The cat paused and gave him a look which could only be expressing utter disdain for the food that was in the bowl, perhaps suggesting that it was not up to the very high standards that were expected. This look delivered, she stalked haughtily from the room with her tail in the air. Becky petted her as she went by and received a purr for her troubles. The breakfast table was almost completely covered by the newspaper that her father had clearly abandoned on discovering just how late it was. His toast lay half eaten on the plate and the business reports page was dipped in the marmalade. Her mum was so busy trying to get Mikey to find a matching pair of shoes so that she could take him to school, whilst also preparing for her own day at work, that she forgot to say more to Becky about her earlier outburst. Taking a bowl from the stack on the table and pushing some of the newspaper aside, Becky poured cereal in, followed by milk, and listened to the sound it made with a satisfied smile before tucking in. She’d heard it said that breakfast was the most important meal of the day, but it was also her favourite. Not even her mother’s frequent encouragement to hurry up and get to the bus stop could make Becky do anything but save the meal. She loved breakfast and she was not going to let a silly thing like school get in the way of that.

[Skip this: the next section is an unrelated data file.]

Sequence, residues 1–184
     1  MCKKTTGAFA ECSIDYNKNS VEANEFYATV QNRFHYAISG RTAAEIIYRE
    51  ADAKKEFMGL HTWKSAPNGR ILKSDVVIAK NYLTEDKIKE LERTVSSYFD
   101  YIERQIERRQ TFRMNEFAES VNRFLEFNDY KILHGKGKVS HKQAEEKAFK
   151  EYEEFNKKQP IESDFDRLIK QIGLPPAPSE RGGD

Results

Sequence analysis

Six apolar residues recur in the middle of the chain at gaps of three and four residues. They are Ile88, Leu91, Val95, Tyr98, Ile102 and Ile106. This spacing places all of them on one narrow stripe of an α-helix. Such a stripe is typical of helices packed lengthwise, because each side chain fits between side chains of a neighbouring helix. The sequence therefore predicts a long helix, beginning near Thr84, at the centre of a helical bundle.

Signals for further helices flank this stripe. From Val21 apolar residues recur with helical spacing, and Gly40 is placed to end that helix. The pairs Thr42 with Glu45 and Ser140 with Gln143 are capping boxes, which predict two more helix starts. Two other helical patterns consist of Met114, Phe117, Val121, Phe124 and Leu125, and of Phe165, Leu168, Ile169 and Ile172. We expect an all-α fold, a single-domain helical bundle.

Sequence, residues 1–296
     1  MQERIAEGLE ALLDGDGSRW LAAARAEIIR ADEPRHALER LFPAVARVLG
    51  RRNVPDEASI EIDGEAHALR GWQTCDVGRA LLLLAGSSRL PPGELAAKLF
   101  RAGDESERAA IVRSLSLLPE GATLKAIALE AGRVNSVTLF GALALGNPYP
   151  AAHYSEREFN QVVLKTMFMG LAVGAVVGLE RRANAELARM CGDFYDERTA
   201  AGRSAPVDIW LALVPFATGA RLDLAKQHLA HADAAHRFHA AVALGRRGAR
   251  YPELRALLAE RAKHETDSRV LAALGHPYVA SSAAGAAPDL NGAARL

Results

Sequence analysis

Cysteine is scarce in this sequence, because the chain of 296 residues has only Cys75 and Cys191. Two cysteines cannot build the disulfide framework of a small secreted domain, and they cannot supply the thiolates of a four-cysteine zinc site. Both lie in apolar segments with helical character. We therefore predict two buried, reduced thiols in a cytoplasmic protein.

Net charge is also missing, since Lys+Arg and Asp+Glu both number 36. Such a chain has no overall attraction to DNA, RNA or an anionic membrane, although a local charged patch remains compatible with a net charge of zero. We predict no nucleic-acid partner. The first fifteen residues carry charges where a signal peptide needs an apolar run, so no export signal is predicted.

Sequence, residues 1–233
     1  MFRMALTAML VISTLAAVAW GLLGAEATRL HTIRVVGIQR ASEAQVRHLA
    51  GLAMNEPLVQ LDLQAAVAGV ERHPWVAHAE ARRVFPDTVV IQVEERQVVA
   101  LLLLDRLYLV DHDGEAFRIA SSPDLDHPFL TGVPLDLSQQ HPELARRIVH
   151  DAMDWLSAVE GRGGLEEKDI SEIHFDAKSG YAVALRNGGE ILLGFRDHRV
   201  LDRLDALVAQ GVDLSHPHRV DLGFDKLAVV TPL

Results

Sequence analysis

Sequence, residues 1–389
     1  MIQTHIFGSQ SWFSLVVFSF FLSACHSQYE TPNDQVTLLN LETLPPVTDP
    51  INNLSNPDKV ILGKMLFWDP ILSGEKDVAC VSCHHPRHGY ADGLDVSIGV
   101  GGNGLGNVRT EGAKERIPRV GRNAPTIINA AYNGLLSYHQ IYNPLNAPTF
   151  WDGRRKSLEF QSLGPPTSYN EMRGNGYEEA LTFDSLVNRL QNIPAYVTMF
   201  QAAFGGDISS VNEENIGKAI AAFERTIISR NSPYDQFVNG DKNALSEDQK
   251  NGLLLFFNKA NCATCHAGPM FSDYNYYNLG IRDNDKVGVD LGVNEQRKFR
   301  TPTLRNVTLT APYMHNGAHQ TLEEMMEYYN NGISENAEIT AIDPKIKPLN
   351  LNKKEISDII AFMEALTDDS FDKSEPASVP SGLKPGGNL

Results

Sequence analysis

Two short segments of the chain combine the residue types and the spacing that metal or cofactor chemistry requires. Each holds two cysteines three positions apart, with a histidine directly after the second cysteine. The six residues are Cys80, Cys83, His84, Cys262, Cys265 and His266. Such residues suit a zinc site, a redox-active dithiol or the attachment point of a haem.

Breakfast done, there was just time to brush her teeth before setting her school bag on her back and heading out the door. In the drive way her Dad was screaming at the car to start, still clutching the cup of coffee in one hand, his tie hung untied about his neck. Her mum was strapping Mikey into his child’s seat, whilst he fidgeted, refusing absolutely to sit still. Locked in this Sisyphean struggle, she did not hear Becky’s goodbye, given as she passed. Becky was out of the drive way and halfway along the road before she heard both her parent’s cars pulling away and heading in the opposite direction.

She sighed and wondered if all families were as disorganised as her parents. They seemed to get worse as the week went on, and though she sympathised with her mum about Mikey – he was at a difficult age apparently – she also couldn’t help thinking that they made things more difficult for themselves. She sighed again and tried to put her parents from her mind. The sun was out and though there were clouds in the azure sky, they were but a few and looked like bits of fluff that the gentle breeze had picked up. It was not a good day to be going to school, to be locked away all day in a stuffy classroom, trying to get her head around Shakespeare’s humour – he wasn’t funny – or remember what year Henry VIII took the throne – 1485 or 1584, she couldn’t remember, but it was in her notes probably. She longed just to bunk off and spend the day in the nearby park, sitting in the shade of the large oak tree and talking with friends. This was her standard idyll whilst walking to the bus stop in the summer. When it was raining she thought about sitting in a rocking chair in a little cottage with a fire roaring in the grate and the smell of fresh bread drifted in from the kitchen. She had never worked out who was baking the bread – it was all too much effort to get up from the chair and find out, but it didn’t really matter.